After yesterday’s post on why I prefer using Git on the command line rather than using a GUI tool, today I thought that I’d post about how I’ve configured Git.
First, I rarely ever run the
git command - I usually run a
g function that I’ve created within my zsh configuration.
Rather than being an simple alias, it’s a shell function that will run
git status -sb to show the current status of the repository if there are no additional arguments. If there are, such as when running
g add, then this is executed as a normal Git command. (This is something that I first saw from Thoughtbot, if I remember correctly).
The main part of my configuration is within Git’s
~/.gitconfig file, where I can configure Git to work how I want.
For example, I like to avoid merge conflicts, so I always want to use fast-forward merges whilst pulling and also to rebase by default. I can do this by adding
ff = only and
rebase = true to the
[pull] section of my
I can do this manually, or running
git config --global pull.rebase true will set the option but also update the file automatically.
Some of the tweaks that I’ve made are to only allow fast-forward merges by adding
merge.ff = only, automatically squash commits when rebasing by setting
rebase.autosquash = true, and automatically pruning branches by adding
fetch.prune = true.
Another way that I configure Git is using aliases, which are also within the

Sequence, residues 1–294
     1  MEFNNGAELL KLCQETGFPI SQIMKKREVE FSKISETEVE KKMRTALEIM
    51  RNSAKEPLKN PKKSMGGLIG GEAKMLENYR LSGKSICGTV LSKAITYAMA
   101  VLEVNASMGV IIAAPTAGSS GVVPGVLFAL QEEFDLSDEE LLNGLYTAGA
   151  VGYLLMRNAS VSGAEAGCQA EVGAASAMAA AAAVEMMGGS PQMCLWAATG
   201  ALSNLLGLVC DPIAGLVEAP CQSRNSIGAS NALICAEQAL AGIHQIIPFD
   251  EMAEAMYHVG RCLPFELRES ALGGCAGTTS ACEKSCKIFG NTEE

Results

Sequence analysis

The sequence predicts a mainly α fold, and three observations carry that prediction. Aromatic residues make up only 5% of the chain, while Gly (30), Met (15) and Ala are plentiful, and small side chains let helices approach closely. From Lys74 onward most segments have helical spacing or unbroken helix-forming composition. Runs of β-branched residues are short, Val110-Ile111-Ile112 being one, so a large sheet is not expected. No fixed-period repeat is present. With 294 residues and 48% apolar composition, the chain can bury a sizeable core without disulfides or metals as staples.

For example, if I ran
git config --global alias.b "branch", then running
git b would just run
git branch which shortens the command and saves some time and keystrokes.
I have similar one- or two letter “short” aliases for pushing and pulling code, and some that also set some additional arguments such as
add --all and
More complicated aliases
Aliases can be more complex if needed by prefixing it with a
!, meaning that it executes it as a shell command.
This means that I can have
repush = !git pull --rebase && git push to chain two separate Git commands and combine them into one, and
ureset = !git reset --hard $(git upstream) which executes the full command, including another alias as part of it.
I also have
issues = !gh issue list --web and
pulls = !gh pr list --web to open the current repository’s GitHub issues or pull requests respectively, which can be done as it’s not limited to just running
Finally, if an alias is getting too long or complex, then it can extracted to it’s own file.
Any executable file within your
$PATH that starts with
git- will automatically become a Git command.
One example that I have is git-cm which, similar to the
g function`, is a bash script that checks for any arguments passed to it and runs a slightly different command. It achieves the same thing as if it were an alias, but it does make it easier to write and maintain as it’s in a separate file.
These are just some examples. If you want to see my entire configuration, then check out my dotfiles repository on GitHub.
How have you configured Git for your workflow? Reply to this email and let me know.